Self employed taxpayers may wonder why their tax rates seem higher than for individuals who are employed for companies. They may also find themselves perplexed by a self employment tax rate of 12.4% and a government that requests they pay 15.3%. The reason for this is simple. The IRS basically puts Social Security and Medicare taxes together into one self employment tax. The rate for Social Security is currently 12.4%, and Medicare is at 2.9%. Medicare tax is applied to income no matter how much one earns, whereas Social Security has a $106,800 cap. Any income above that is not taxed by Social Security.
In order to report self employment tax, a taxpayer must fill out IRS Schedule SE and submit it along with a 1040 form. Self employed individuals can claim the Earned Income Tax Credit when they file Schedule C with their 1040. They may also be eligible for a self employment health insurance tax deduction. This allows these taxpayers to deduct the cost of their health insurance. There is also an above-the-line deduction that can be taken when figuring adjusted gross income. One can deduct one half of one’s self employment tax from their income tax on Line 27 of IRS Form 1040.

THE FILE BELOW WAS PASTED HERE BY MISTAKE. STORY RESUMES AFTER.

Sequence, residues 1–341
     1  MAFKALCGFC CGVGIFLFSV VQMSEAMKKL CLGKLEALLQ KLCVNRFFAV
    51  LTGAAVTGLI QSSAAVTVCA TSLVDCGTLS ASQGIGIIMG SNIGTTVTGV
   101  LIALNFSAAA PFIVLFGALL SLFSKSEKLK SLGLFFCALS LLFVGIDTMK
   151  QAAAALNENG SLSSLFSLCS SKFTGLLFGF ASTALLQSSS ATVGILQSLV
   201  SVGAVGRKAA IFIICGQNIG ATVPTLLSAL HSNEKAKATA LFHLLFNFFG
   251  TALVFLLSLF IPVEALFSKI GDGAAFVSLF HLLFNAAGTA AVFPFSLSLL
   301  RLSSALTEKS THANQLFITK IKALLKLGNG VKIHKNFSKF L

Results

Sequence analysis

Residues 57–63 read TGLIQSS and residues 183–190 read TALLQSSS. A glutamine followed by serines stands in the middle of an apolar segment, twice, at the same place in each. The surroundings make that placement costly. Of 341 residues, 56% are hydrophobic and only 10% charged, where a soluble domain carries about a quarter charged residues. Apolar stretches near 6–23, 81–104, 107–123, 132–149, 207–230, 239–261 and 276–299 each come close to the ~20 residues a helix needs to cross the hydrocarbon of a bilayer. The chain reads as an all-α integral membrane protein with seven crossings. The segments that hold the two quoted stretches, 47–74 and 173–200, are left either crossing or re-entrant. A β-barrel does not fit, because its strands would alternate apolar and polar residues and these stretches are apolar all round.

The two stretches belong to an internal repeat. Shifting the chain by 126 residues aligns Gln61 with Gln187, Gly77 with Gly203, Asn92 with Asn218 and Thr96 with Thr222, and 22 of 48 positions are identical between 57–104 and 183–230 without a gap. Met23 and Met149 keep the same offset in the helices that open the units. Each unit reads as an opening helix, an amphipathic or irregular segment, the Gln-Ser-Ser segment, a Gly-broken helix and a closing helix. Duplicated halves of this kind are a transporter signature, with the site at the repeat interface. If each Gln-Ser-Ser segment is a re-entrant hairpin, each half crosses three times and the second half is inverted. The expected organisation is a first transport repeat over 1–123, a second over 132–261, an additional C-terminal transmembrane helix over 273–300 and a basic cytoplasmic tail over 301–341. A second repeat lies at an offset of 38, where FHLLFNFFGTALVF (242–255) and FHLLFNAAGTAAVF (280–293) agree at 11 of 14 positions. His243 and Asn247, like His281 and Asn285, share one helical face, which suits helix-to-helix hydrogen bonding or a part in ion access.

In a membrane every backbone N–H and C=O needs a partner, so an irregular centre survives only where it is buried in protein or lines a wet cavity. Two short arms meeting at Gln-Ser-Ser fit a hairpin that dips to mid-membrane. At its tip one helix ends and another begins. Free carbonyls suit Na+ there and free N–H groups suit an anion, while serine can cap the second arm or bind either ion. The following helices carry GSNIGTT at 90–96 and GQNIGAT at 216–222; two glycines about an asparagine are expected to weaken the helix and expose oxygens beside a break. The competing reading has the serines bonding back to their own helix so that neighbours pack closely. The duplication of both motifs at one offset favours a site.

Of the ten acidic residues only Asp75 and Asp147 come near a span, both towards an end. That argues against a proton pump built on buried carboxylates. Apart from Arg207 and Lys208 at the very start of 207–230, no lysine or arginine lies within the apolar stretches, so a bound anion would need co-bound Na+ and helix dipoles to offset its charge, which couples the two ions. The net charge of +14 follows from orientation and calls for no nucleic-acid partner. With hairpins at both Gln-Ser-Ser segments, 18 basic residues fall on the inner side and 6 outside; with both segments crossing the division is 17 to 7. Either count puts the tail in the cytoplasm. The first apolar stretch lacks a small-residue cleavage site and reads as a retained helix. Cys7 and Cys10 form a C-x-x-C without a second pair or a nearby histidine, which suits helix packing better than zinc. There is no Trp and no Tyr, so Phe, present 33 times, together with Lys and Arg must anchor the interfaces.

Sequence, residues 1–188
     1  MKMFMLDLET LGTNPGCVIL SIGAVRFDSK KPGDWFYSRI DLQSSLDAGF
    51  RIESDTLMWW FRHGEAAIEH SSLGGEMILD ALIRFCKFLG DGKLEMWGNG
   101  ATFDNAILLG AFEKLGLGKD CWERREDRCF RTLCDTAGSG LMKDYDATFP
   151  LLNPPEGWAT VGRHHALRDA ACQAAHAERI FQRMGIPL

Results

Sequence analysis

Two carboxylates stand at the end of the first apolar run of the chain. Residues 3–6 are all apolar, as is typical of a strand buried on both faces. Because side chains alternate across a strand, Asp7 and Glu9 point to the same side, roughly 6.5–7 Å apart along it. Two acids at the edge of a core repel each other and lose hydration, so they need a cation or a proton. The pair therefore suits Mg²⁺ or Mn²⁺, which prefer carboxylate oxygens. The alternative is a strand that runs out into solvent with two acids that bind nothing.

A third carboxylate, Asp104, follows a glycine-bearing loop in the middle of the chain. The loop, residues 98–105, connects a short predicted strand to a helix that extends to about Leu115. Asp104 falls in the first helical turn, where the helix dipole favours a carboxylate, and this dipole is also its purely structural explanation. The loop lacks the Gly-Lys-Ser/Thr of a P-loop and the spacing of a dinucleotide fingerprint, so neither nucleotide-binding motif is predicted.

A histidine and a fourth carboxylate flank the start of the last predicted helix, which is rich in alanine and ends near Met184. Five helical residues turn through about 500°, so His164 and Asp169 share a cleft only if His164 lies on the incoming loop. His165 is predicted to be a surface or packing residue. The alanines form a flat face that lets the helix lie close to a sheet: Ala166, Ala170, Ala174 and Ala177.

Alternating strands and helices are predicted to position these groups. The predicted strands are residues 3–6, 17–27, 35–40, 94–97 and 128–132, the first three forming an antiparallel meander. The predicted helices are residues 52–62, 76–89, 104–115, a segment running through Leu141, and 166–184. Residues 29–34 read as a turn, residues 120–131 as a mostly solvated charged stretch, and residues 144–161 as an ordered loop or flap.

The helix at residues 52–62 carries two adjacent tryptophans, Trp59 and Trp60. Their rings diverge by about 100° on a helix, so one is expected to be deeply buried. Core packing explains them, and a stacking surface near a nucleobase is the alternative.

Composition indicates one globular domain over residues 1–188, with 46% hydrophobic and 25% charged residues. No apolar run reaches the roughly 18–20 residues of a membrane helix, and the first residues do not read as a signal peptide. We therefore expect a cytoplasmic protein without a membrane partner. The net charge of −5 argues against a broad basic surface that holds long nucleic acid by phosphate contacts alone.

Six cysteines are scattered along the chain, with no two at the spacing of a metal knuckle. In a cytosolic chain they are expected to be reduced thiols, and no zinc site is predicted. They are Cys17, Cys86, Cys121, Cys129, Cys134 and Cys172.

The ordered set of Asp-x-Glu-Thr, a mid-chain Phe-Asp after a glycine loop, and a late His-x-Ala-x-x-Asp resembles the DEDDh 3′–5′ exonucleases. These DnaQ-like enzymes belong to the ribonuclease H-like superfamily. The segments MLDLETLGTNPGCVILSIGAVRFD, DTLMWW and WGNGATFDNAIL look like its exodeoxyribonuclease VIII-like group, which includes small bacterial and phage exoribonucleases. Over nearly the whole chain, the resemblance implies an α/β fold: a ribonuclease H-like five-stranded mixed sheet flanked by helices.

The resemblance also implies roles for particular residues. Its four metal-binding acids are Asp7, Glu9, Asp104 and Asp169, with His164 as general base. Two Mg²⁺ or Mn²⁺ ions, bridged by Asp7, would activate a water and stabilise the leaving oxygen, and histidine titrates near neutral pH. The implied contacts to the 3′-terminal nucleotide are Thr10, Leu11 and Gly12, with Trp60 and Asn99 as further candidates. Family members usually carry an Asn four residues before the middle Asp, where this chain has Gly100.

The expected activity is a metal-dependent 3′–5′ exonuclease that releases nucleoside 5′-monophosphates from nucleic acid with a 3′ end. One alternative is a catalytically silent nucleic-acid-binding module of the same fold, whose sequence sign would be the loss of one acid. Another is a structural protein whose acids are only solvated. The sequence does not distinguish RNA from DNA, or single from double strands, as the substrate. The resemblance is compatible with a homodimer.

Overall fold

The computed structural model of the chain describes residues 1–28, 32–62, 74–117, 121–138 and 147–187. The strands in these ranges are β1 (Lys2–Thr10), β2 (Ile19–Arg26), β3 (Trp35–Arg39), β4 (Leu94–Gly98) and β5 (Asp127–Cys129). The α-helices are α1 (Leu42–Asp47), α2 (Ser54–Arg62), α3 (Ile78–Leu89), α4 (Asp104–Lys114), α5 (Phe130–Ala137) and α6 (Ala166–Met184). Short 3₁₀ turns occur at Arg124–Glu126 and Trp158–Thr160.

Who has to pay self employment taxes? Anyone that is self employed with net earnings over $400 must pay this employment tax. Church employees begin paying when their incomes are greater than $108.28. Independent contractors and sole proprietors can use Schedules C or C-EZ to calculate their net earnings to see if they qualify for paying the self employment tax. Family caregivers who provide services to the elderly or disabled individuals are usually considered employees of those individuals. Special rules exist for these workers. For questions on these and other rules and deductions, it is recommended to speak with a qualified tax professional.